I struggled deciding whether to write about bear hunting this week or mushroom hunting since they are both time-sensitive topics. I think what I’ll do is to write about “baiting for bears and scouting” this week, mushroom hunting next week and then follow up with another bear article the third week.
Unless something else more fun pops up in the meantime!
So, let’s say you want to go bear hunting this spring. I’ll give you a few pointers to help you out.
Twenty years ago I’d be up bear baiting and bear hunting on opening day, which is April 15 in most units. But really, bears aren’t in the groove, eating good until later in the season in most units.
Think about it for a minute. They’ve been hibernating and fasting for nearly six months. If you’ve ever fasted then you know that day one after the fast you might not feel like eating a bowl of salsa and chips along with a plateful of spicy enchiladas! Your stomach is a little off kilter. Same with bears. They come out and eat grass/flower tops at first and pass their plug. Which basically corks them up for the hibernation period.
As a general rule, right when they come out of hibernation you’ll see them at the snowline, right? That’s because the vegetation is springing up when the snow melts and is tender. When I say at the snowline, I don’t mean within two feet of the snowline. But as the snow melts and tender green grass pops up, they do follow that. I don’t know their scientific name but they go along eating the yellow flower tops as the snowline melts and moves uphill.
The first thing we have to do is determine where you’re going to bait. You don’t want to waste time baiting where there’s no bears, do you? Think back to last year where you were seeing bear signs. Or go out scouting now. Bears eat high-fiber diets so they leave a lot of signs. Find where there’s a lot of signs or a dark secluded canyon and hit it.
You don’t want to bait too close to a road/trail or hound hunters can drive by and run your bears after you’ve done all of the hard work to get them coming in. You also don’t want to park your truck out in the open where everyone passing by knows that you’re baiting in that area.
You don’t want bears free feeding. Chain a barrel to a tree so they can’t drag it away. Cut a hole about 10-inches in diameter about two-thirds of the way up. This way bears will have to stick their paws in the hole and dig out bait. If you just dump it in a pile they can come in, gorge and leave. You want to slow them down and make them hang around longer. Can you just dump it on the ground though? Yes, it’s just not the preferred method. You’d be surprised at how much bait the ravens can carry off. And barrels also prevent foxes, coyotes and wolves from eating your bait.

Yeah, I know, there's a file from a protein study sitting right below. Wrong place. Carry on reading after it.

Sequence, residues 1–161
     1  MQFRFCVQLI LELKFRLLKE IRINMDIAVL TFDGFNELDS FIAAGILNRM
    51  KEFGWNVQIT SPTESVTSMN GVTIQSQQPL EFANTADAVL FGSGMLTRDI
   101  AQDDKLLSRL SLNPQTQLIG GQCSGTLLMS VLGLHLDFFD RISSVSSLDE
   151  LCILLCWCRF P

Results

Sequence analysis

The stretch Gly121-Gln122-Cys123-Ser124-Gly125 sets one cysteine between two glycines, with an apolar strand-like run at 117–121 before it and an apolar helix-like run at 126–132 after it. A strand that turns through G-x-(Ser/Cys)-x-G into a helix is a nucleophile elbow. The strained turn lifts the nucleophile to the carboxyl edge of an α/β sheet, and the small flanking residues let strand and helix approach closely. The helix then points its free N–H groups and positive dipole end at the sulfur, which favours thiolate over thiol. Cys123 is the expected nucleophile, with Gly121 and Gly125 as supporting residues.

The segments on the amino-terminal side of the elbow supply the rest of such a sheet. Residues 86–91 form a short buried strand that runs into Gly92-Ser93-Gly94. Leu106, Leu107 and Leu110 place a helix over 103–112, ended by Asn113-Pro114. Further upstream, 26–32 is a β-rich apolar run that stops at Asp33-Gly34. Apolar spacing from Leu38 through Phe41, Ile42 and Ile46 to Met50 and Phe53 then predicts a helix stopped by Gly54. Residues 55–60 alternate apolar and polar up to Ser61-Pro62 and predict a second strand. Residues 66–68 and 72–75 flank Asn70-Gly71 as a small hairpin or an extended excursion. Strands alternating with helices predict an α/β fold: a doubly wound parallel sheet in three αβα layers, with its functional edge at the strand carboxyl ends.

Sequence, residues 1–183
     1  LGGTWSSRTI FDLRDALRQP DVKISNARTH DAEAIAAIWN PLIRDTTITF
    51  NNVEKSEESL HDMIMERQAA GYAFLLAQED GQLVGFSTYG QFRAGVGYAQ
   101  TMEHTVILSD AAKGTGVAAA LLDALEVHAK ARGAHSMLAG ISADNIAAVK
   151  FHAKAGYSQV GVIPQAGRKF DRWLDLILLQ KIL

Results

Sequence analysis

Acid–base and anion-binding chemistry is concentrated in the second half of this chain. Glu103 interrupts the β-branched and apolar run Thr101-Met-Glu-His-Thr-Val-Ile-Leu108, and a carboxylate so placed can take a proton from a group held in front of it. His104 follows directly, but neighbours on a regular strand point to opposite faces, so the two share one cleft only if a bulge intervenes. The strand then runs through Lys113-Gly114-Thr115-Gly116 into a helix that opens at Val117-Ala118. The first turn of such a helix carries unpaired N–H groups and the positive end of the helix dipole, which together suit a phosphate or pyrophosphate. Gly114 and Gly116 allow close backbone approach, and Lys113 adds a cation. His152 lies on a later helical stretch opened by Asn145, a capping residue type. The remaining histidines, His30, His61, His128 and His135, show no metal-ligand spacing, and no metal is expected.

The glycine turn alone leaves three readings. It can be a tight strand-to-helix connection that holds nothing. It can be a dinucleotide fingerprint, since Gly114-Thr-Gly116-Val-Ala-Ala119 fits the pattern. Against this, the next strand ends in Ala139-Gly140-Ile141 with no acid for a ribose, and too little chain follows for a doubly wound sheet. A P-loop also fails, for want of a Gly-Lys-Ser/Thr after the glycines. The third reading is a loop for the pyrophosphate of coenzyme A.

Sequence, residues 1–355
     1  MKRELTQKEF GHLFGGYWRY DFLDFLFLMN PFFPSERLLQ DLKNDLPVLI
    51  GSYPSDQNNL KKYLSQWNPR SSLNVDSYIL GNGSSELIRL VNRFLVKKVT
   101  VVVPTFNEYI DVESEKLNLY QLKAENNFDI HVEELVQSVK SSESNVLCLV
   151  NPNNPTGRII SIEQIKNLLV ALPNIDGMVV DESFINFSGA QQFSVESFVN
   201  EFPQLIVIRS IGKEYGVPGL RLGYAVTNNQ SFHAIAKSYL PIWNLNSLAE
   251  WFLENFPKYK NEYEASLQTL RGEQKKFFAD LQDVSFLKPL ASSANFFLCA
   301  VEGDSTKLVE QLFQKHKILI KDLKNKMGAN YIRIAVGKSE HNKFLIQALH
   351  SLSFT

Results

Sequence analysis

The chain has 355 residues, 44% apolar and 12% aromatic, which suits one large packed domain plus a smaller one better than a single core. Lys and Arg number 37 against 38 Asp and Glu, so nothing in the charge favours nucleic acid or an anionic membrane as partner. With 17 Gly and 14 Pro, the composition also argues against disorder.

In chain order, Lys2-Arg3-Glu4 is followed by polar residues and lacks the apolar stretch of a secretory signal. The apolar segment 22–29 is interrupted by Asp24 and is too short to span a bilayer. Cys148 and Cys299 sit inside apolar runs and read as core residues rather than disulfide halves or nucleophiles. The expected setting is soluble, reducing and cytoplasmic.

A barrel also protects your bait from the rain so it doesn’t mold or rot as fast. A snap top lid is nice. That way you can remove the top, fill the barrel and then snap the top back on. If you bait correctly and get four to six bears coming in, they can put down the chow!
Their stomachs are somewhat queasy at first when they come out of hibernation. I have hauled literally tens of thousands of pounds of meat up to the mountains for bear bait, but in early spring, meat is not necessarily the best bait.
In late summer when bears are binge feeding, storing up fat for the winter, they will eat virtually anything. But given a choice, I still say that they can be selective. One time I laid out a bushel basket of fruit, melons, peaches, vegetables, cereal, donuts, etc. A bear went through and picked out what he preferred. So given a choice I am convinced that they have preferences. Years ago I’d buy loads of old bread and donuts from a day-old bread company. I’d dump out piles and they’d dig through and eat all of the Hostess Twinkies. But if nothing else is available, yes, they will eat anything. Make sense?
A lot of times what bait you use is really determined by what is available to you. If available, small bait is nice. Like let’s say dog food. That means they have to stick their paw in and scoop up food. They can’t gorge and run. If you put out big chunks of meat they’ll come in and grab a piece and take it off in the brush and only afford a fast shot.
I love baiting because it allows you to study a bear. You have time to ensure that it’s not a sow with cubs. You have time to make sure it isn’t rubbed bad. Is it the color phase that you want? Is it big enough?
There’s a misconception out there in the bunny hugging world that all you have to do is to hang a donut on a limb out in the forest and Boo-Boo and all of his buddies will come stampeding in. It’s not quite that simple. It takes a lot of hard work and strategy. And after they start hitting your bait you need to refill it every two to three days.
Tom Claycomb lives in Idaho and has outdoors columns in newspapers in Alaska, Idaho, Utah, Nevada, Colorado and Louisiana. He also writes for various outdoors magazines and teaches outdoors seminars at stores like Cabela’s, Sportsman’s Warehouse and Bass Pro Shop. He can be reached via email at email@example.com.